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  The spectacular Glenevin Waterfall is located between Straid and Crossconnel, 2KM from the village of Clonmany. The roadside entrance to the waterfall and picnic area is beside the Glen House, which in turn leads the intrepid adventurer along Glenevin valley.

This waterfall, wedge in shape, cascades fresh mountain water descending over black rock from an astounding height of 30 feet. The expanse at the top measures 15 yards which curls gracefully to 1.5 yards at the bottom. The basin below called Pohl–an-eas, derives its meaning from the foam which lies on the surface of the pool. Pohl-an-eas translates into English as the ‘ferment pool’.

The walk up Glenevin valley to the waterfall takes the rambler on a safe route which is well designed and sign posted. Newly installed picnic areas blend easily into the natural landscape and provides the rambler with ample opportunity to relax and enjoy a picnic. Although the trek up to the waterfall is not so strenuous that it is necessary to stop and eat, it does allow one to stop and take in the spectacular views at a slower and more rewarding pace. However, do not stop to relax for to long as the end result, the waterfall, is unsurpassed by anything else in its league in terms of beauty and splendour. Footbridges are dotted along the track as you criss-cross the babbling stream, stepping stones are available for the adventurous types.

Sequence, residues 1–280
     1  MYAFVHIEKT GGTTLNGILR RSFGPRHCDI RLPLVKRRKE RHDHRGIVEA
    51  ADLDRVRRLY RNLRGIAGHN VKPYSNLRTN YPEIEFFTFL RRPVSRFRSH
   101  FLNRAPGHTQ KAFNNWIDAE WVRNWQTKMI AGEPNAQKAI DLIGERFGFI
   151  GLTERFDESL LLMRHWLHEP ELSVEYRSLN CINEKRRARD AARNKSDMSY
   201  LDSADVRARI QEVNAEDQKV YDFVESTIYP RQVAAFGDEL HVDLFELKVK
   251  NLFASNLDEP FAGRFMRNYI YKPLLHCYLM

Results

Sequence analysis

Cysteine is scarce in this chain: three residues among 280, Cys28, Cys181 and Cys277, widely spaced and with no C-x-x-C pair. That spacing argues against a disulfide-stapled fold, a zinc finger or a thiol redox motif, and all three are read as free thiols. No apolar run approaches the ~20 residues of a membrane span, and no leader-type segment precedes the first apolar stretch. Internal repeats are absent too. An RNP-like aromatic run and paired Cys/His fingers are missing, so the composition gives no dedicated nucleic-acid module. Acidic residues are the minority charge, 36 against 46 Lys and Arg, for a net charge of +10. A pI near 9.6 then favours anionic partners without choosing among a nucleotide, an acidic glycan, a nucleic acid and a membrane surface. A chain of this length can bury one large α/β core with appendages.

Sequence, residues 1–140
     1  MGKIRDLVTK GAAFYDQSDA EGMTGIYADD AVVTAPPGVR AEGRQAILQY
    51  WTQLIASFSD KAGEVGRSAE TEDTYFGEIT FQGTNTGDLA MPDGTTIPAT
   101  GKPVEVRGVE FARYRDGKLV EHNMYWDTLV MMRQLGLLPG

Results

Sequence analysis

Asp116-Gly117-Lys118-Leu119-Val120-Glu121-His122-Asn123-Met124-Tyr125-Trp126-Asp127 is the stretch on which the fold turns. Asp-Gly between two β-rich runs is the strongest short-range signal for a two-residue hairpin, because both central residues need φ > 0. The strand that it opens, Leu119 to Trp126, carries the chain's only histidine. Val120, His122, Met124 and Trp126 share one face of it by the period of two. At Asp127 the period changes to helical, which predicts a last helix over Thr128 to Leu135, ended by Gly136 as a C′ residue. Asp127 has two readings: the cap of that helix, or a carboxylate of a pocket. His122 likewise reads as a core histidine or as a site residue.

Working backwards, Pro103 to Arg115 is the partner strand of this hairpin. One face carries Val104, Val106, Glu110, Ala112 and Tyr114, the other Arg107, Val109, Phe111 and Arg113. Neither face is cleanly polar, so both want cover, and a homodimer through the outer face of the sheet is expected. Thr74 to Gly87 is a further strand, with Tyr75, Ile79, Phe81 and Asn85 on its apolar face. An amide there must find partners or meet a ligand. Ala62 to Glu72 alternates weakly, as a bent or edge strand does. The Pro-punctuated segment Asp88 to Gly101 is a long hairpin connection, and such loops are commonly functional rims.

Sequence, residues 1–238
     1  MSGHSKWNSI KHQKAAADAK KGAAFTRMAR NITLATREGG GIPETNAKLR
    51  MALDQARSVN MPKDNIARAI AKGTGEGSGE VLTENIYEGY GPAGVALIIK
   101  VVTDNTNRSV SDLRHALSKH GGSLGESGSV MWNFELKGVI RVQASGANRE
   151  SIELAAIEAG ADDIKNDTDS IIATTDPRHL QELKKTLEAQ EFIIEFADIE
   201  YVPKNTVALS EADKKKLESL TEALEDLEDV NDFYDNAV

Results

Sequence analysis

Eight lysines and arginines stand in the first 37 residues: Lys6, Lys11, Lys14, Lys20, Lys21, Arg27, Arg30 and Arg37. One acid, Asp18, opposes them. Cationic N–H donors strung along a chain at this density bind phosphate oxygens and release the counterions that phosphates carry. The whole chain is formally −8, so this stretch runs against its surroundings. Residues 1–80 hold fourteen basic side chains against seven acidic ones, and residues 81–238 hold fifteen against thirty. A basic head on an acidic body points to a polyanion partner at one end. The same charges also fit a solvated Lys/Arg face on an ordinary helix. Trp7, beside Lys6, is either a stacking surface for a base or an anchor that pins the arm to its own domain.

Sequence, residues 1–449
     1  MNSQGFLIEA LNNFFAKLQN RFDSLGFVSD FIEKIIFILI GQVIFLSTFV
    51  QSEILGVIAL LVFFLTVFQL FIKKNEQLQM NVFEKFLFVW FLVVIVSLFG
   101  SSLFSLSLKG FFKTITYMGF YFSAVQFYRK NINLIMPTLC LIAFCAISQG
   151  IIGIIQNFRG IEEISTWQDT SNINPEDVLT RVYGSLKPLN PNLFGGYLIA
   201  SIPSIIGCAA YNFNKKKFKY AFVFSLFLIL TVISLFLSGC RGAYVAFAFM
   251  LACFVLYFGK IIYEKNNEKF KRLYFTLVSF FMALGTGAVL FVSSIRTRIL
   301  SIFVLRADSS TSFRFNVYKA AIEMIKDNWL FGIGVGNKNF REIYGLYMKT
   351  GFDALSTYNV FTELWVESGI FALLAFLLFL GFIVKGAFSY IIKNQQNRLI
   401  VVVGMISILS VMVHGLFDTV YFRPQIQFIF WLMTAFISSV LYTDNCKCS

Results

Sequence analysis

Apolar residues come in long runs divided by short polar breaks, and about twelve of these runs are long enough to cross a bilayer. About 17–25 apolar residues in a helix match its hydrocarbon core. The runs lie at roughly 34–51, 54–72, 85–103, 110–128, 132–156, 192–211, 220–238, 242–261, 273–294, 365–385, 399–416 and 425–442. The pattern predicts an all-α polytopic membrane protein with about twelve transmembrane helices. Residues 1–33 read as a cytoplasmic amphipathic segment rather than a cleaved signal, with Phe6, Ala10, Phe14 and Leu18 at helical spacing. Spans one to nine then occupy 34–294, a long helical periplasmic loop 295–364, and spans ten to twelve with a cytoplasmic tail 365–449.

Birdseye view of the waterfall.

 


Ode to Glenevin Waterfall
McLaughlin, a local poet.

"Thus the sun's parting beams on the hills are delaying.
The vale's overshadowed where daily I roam;
But one lingering ray's on the waterfall playing,
Over deep Polh-an-eas with its bosom of foam.

As I stand in that glen so romantlo and lonely,
where the wild clover screams from its heath-bower of green.,
Nought now is heard save the cataract only,
And its echoes, that roll down the mountain ravine.

Polh~an~eas! how long, since a lover of nature,
With thrilling sensation of pleasure and awe,
First gazed on thy face; where each time-worn feature
Bears impress of Him who gave nature its law?

And ages shall roll as the spray that rolls o'er thee,
Unheeded, unfelt as the sigh of the gale;
When the heart that now pours its effusion before thee
Shall be laid in the dust a mere cloud of the vale."


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